Monday, March 17, 2014



My new show may be tied up with legal problems, but that hasn’t kept me from keeping my career flame burning brightly. First, I was happy to appear as Queen and Grand Marshal of the annual Toilet Bowl parade and football game in Newnan Georgia. I'm happy to say that I was able to carry out my waving duties from the main float (37,500 white carnations molded to approximate porcelain) without taxing myself too badly as the parade route was only three blocks long. I have no idea who won the game as I fell asleep during the first quarter. I can tell you that one team looked stunning in aubergine and taupe while the other was ill served by turquoise and vermilion.

I just had time to finish presiding over the banquet, where I handed out the Most Valuable Player and Most Unbalanced Cheerleader awards when I had to jet to New York for my appearance on Fox News. I was to appear as part of a panel on women edged out of jobs by less qualified men - they had heard about my contretemps with dear Ewan McGregor over the Ricki Lake stage tribute. Unfortunately, when I got there, we were pre-empted by a show on a pressing issue of the day, transvestite babies.

I returned home, exhausted, to Norman and arrived just in time to prevent him from mixing cocktails with a bottle of Liquid Plumr that seemed to have gotten mixed into the liquor cabinet. He had already had several servings of Brasso so he was in no shape to do much besides sleep them off. Nurse Tameka put him to bed and I felt in need of an escape so I called my dear friend, Nurse Lynn, and asked for his charming company on my usual matinee foray.

Nurse Lynn suggested a movie that I thought was called 'Quilts' and I went assuming it would be a nice homespun western about life on the prairies, complete with gingham and sunbonnets. You can imagine my surprise when the movie started off with a guillotining. I must have missed that part of my course on American frontier womanhood – I often skipped lectures to go to advanced Tap. I soon realized that I had made a common dyslexic error and that the movie in question was actually Quills , a saucy tale of the Marquis de Sade at Charenton asylum, with Geoffrey Rush, Kate Winslet, Michael Caine and Joaquin Phoenix. I really must have my dyslexia checked out - last year I went to 'Topsy Truvy' expecting a sequel to Steel Magnolias where the girls from the beauty shop stage a production of Uncle Tom's Cabin and was quite thrown by the Victoriana and all the operetta music.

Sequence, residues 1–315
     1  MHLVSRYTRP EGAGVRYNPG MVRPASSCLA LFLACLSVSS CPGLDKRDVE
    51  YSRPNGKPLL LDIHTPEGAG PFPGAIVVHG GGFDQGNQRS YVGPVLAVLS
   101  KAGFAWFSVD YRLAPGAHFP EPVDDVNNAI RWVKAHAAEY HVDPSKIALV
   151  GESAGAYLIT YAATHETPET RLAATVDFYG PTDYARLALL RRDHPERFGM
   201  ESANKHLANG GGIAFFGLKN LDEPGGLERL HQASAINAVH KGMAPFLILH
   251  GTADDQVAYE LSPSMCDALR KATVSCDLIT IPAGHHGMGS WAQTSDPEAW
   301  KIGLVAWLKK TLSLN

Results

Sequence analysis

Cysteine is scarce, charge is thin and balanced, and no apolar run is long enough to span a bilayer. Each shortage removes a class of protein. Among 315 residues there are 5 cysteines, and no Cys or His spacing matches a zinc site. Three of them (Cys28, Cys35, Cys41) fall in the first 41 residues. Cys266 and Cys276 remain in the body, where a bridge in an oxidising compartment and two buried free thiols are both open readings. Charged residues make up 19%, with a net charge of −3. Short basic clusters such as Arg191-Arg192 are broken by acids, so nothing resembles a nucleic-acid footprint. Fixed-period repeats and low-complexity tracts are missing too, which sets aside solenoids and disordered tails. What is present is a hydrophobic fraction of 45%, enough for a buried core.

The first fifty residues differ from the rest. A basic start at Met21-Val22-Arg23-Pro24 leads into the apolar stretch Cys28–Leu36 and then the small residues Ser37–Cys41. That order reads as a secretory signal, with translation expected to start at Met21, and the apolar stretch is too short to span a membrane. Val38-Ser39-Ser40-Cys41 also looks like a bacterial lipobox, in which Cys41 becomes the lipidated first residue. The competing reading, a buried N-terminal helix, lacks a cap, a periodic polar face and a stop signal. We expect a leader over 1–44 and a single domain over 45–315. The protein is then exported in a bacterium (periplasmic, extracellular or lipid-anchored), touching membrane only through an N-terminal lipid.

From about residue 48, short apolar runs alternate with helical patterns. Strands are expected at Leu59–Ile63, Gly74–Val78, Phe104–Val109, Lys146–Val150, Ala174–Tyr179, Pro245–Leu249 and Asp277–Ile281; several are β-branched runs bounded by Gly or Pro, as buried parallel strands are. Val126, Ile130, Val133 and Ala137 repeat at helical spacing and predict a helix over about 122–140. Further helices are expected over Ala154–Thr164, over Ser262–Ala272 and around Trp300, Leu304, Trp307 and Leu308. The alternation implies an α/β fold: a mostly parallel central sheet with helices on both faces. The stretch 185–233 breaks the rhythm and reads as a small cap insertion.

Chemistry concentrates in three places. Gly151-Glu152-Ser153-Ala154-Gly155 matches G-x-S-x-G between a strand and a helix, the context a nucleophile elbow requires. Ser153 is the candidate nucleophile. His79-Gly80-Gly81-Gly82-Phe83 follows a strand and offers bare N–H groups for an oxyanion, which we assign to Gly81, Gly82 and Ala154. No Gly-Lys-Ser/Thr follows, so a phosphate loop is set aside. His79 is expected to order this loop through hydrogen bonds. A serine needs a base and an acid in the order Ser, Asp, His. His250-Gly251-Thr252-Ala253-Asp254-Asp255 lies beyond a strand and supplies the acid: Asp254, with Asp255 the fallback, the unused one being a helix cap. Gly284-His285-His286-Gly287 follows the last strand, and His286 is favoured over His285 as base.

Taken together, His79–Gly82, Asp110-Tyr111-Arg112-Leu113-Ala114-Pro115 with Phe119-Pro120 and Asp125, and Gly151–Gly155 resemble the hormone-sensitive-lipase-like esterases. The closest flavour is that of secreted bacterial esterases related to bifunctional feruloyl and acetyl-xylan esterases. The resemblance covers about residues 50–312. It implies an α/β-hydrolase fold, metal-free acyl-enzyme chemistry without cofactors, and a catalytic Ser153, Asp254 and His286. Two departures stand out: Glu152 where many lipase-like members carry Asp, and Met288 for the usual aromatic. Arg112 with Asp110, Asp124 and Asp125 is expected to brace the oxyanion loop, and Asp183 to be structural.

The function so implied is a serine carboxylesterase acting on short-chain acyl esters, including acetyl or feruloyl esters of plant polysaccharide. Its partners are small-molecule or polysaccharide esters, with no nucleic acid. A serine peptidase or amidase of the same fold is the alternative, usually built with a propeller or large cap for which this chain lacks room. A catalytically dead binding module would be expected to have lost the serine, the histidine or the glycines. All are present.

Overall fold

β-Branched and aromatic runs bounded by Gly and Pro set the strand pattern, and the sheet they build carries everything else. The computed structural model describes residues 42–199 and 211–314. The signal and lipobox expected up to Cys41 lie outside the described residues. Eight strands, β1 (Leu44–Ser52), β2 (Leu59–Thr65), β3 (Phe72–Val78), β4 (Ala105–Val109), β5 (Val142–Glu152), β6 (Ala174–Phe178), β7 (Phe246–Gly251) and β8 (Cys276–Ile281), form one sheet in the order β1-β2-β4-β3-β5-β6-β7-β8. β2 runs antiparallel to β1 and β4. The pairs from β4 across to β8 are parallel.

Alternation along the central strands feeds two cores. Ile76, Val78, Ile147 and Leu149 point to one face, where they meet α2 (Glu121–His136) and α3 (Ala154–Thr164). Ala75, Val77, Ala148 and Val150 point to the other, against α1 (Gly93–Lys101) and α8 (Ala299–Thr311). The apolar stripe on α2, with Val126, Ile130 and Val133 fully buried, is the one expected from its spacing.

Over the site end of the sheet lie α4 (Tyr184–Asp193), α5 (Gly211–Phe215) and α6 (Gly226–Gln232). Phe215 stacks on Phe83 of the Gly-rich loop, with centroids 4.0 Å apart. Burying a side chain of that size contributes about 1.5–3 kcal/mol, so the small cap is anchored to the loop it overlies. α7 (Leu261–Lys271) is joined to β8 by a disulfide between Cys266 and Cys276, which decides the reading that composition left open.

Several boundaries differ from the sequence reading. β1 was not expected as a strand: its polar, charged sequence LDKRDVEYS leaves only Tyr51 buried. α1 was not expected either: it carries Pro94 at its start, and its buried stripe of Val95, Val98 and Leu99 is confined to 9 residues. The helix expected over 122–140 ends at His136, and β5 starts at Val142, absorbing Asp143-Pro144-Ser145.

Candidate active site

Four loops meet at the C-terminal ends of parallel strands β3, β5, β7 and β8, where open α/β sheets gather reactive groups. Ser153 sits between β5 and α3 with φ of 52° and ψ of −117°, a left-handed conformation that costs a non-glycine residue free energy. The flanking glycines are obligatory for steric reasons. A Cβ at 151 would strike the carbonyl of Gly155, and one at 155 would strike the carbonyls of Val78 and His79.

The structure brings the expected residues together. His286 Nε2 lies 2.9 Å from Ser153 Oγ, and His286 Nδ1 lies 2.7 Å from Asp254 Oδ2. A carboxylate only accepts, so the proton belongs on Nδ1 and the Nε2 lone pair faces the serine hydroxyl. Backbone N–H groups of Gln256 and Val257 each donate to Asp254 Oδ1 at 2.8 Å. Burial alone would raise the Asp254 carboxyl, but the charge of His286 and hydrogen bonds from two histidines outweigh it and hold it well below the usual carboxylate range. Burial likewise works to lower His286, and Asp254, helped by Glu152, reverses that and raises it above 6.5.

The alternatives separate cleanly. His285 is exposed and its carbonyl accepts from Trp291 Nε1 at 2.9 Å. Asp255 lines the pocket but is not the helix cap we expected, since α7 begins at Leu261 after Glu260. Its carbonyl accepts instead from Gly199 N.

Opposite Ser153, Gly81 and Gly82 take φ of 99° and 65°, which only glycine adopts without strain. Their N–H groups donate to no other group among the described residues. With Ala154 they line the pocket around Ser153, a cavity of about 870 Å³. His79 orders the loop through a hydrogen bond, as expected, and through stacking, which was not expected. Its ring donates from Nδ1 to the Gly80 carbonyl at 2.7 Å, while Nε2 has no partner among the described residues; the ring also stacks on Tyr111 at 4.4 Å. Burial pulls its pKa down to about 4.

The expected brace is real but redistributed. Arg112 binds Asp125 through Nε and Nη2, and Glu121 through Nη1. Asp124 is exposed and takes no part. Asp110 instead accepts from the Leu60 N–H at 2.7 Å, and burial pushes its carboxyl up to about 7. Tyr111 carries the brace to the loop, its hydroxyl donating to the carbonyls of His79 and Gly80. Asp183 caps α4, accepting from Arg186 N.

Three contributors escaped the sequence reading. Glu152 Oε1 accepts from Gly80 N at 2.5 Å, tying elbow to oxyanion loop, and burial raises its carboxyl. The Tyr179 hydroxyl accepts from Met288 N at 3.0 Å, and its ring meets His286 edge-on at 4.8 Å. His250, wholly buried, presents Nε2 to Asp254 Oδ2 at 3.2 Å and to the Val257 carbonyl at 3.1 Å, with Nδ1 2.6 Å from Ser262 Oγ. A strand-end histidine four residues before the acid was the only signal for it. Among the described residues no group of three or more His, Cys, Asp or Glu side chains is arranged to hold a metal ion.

Having played Charlotte Corday in a production of Marat/Sade as a slip of a girl, the ambience of Napoleonic mental institution was a homecoming of sorts. Our production, however, did not have quite so many body fluids in it. Quills is based on a stage play by Douglas Wright and uses the Marquis DeSade as a jumping off point to explore themes of power, dominance, humanity, and the nature of art and the responsibility of the artist to society. Despite the 18th century trappings, I found the story and the debate very modern. Much of the plot concerns a battle between the kindly abbe who runs the institution (Joaquin Phoenix) and a doctor (Michael Caine) sent by the authorities whose 'modern' methods are cruel and barbaric and who enacts the sadist in his personal life. DeSade immediately sees the new doctor for what he is and takes delight in goading him and forcing the doctor to face his true nature; this makes the doctor angry and sets in place an ultimately tragic chain of events.

All through the movie, I was reminded of the current debate over violence and sex in movies and saw the two authority figures as embodiments of our current left and right wing approaches to the problem. The doctor, with his prurience, also reminded me greatly of Ken Starr. There's no one so interested in the sins of others than a self-proclaimed righteous puritan with a few skeletons in the closet. In the hands of most Hollywood directors, the movie would have devolved into sensationalistic explorations of sexual violence. However, in the hands of Philip Kaufman, one of the few directors committed to making adult films about adult subjects for thinking adults, it becomes something much more and, despite the occasional gothic touch, carries important points about the power of creation and art to influence life.

The performances are uniformly excellent. Geoffrey Rush relishes each sneaky double entendre in his role as the Marquis and creates a complex portrait of an artist driven by muses beyond his understanding. Kate Winslet, as a laundress beloved by the abbe and alternately intrigued and repulsed by the Marquis and his writings, gives her sacrificial lamb of a role surprising depth. Joaquin Phoenix continues to surprise me as an actor and may eclipse his late lamented brother - it's certainly been his year. His abbe is all too human – torn between what he believes to be right and good and his instincts as a man. Michael Caine is Michael Caine, in evil mode this time, and there's nothing wrong with that.

This is not a film for those looking for mindless Hollywood formula sex and violence and Nurse Lynn and I left the theater debating the import of much we had seen. Definitely worth seeing if one is a thinking adult.

Headless corpses. Kettles of lye. Hemoglyphs. Gratuitous gorgeous architect. Peruvian marble. Merry shoemakers. Gratuitous volumes of ladies' poetry. Body effluvia

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